“Trade organizations were designed in part to provide a united front for organizations within an industry. What we are seeing today, however, is a bifurcation in the health insurance industry,” Stinneford says. “The number of small, regional, nonprofit health insurance providers is growing, while the largest players are consolidating and becoming even bigger. AHIP and other trade organizations are certainly still relevant today, but they are most critical to the smaller organizations whose businesses are narrowly focused on health insurance and who do not have the resources to effectively lobby on their own.”
Companies such as Aetna, who have diversified into other aspects of healthcare and have the resources to be a powerful lobbying force in their own right, may prefer to represent themselves in order to more accurately present their agenda, Stinneford points out.
Courtney Jay, AHIP’s deputy director of media relations, says that last year, the Board began a process to propose and implement changes to AHIP's governance and dues structure in order to increase and maximize AHIP's advocacy work on the industry's key priorities.
Most recently, AHIP's advocacy led to significant cost-savings to consumers and regulatory successes for its members, including health insurance tax, market stability, health plan mergers, Medicare Advantage, King v. Burwell, drug prices, and Medicaid.
“In addition, AHIP will be launching an extensive Medicaid advocacy agenda in 2016 to address implementation issues and managed care expansion,” Jay says.
Next: AHIP reacts to Aetna exit
Following the news of Aetna's departure, Marilyn Tavenner, AHIP president and CEO, said in a statement: "AHIP's successful advocacy record speaks for itself. Our members depend on AHIP to advance their key priorities, to strengthen the public-private programs that provide coverage for millions of Americans, and to deliver solutions that improve access to high quality, affordable care for consumers.”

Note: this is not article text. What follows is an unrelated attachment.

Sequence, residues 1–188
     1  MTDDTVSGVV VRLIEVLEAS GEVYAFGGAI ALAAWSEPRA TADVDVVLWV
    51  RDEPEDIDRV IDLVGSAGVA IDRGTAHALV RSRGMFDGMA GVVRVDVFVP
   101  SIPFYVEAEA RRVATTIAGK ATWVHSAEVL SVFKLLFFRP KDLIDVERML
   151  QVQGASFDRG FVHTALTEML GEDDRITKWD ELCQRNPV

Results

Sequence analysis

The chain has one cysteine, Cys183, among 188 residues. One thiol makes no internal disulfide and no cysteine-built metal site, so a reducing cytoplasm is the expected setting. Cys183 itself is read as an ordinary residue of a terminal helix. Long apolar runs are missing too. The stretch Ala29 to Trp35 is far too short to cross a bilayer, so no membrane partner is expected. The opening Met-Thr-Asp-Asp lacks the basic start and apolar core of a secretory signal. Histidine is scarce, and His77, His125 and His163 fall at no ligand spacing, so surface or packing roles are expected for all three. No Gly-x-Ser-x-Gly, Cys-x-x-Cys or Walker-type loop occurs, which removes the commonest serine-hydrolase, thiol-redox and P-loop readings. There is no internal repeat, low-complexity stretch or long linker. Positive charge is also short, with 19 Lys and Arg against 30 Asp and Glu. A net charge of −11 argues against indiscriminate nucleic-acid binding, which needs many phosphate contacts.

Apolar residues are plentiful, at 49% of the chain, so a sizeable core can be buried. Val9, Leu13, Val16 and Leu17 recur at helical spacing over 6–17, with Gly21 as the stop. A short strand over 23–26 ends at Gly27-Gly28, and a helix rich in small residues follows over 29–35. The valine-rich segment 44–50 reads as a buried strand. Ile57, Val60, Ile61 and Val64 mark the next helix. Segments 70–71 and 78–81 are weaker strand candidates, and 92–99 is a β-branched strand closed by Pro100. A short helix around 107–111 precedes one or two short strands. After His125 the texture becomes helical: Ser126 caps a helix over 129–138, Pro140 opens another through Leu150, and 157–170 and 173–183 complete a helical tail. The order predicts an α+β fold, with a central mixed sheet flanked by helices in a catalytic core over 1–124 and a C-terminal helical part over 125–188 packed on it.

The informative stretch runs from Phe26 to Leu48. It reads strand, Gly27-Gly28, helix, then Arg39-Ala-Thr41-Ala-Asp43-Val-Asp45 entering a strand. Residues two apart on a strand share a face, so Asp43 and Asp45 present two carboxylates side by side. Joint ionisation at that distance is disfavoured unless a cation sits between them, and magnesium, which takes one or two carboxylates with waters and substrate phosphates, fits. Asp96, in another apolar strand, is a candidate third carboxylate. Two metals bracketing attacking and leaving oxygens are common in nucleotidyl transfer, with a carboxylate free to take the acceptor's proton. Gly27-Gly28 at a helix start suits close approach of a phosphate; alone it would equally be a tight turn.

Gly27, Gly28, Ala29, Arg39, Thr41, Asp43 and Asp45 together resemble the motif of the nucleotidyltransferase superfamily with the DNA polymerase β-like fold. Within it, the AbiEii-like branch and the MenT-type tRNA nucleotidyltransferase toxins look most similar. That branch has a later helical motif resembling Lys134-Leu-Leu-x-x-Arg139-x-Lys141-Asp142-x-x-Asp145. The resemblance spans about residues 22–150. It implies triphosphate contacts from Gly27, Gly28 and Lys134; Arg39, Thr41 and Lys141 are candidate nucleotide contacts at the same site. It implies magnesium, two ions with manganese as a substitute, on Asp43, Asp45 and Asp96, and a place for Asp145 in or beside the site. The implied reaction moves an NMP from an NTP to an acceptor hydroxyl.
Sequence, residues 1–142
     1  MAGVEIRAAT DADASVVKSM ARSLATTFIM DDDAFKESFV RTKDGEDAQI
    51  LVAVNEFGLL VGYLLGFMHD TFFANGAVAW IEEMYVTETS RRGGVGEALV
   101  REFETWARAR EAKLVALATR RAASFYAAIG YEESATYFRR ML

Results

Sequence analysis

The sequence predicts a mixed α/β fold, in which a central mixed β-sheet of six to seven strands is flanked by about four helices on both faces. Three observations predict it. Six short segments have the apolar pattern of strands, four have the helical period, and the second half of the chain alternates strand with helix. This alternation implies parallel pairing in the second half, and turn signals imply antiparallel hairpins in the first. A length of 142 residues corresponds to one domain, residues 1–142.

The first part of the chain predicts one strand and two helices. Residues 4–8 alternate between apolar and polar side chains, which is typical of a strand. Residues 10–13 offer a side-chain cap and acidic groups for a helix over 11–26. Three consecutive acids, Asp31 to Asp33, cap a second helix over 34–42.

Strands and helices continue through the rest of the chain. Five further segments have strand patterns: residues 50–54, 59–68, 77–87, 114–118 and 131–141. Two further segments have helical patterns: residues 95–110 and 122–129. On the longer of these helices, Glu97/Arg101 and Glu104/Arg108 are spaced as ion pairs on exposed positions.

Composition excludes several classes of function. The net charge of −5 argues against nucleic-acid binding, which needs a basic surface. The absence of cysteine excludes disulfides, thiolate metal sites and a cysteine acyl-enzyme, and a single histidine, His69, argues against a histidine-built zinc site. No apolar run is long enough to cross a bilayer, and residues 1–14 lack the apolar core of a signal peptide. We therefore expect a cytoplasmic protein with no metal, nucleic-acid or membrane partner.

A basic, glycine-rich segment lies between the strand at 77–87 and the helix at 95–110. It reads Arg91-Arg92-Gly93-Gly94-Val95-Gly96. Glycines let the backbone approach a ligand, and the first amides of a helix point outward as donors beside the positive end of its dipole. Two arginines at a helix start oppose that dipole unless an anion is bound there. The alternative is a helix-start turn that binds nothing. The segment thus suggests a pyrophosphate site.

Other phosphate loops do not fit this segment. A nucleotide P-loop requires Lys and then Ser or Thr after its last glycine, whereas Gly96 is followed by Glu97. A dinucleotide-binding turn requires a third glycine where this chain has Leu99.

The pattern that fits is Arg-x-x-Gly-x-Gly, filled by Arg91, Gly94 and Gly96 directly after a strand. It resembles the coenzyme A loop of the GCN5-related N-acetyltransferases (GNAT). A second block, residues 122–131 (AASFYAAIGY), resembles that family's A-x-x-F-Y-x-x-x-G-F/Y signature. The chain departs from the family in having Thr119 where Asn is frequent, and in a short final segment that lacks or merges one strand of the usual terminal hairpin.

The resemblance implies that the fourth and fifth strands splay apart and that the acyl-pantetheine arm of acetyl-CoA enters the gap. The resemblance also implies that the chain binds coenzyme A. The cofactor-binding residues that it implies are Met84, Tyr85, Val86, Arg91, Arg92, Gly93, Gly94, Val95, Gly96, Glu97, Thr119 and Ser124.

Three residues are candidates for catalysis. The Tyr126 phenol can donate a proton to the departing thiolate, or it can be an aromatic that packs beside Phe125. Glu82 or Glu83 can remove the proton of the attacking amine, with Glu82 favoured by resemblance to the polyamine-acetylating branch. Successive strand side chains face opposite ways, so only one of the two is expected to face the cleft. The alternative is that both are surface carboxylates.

BrillManaged Healthcare Executive Editorial Advisor Joel Brill, chief medical officer at Predictive Health, says that 2016 will be a tumultuous year for health insurers, who are preparing for the expiration of the Affordable Care Act's (ACA) reinsurance and risk corridor programs.
“Expiration of these programs will increase financial instability for insurers in the ACA marketplaces,” Brill says. “If losses on the exchanges go unpaid, carriers will be prompted to raise premiums or face solvency concerns and exit the market altogether. We expect that plans will be working to maximize their risk adjustment scores, which directly impact revenues.”
Viewed from these perspectives, the company’s statement that it would “continue to partner with other groups in the interest of expanding access to high-quality, affordable healthcare” speaks to how consumerism will increasingly guide patients who will seek value as they spend their, not the insurer’s, dollars for healthcare services, according to Brill.
Hauser believes that it has become an industry trend not just in healthcare, but in many industries, for organizations to periodically assess the value of participating in various types of membership organizations, including trade associations, given increasing pressure and scrutiny on expenses.
"It is also not unusual, given Aetna’s size, that they might choose to develop their own specific strategy related to lobbying and government relations based on their unique, specific priorities rather than depend solely on the often broader-based priorities of a trade association," he says.